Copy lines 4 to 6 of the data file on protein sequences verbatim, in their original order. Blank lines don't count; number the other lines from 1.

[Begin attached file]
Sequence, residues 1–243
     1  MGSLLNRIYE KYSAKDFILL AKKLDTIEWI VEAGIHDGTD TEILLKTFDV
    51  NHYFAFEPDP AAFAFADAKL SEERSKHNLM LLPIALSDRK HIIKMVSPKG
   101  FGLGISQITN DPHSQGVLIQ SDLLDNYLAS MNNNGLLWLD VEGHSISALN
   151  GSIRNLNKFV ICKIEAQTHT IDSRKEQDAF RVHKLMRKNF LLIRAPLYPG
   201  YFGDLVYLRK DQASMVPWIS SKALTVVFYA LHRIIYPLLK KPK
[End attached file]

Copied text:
   101  FGLGISQITN DPHSQGVLIQ SDLLDNYLAS MNNNGLLWLD VEGHSISALN
   151  GSIRNLNKFV ICKIEAQTHT IDSRKEQDAF RVHKLMRKNF LLIRAPLYPG
   201  YFGDLVYLRK DQASMVPWIS SKALTVVFYA LHRIIYPLLK KPK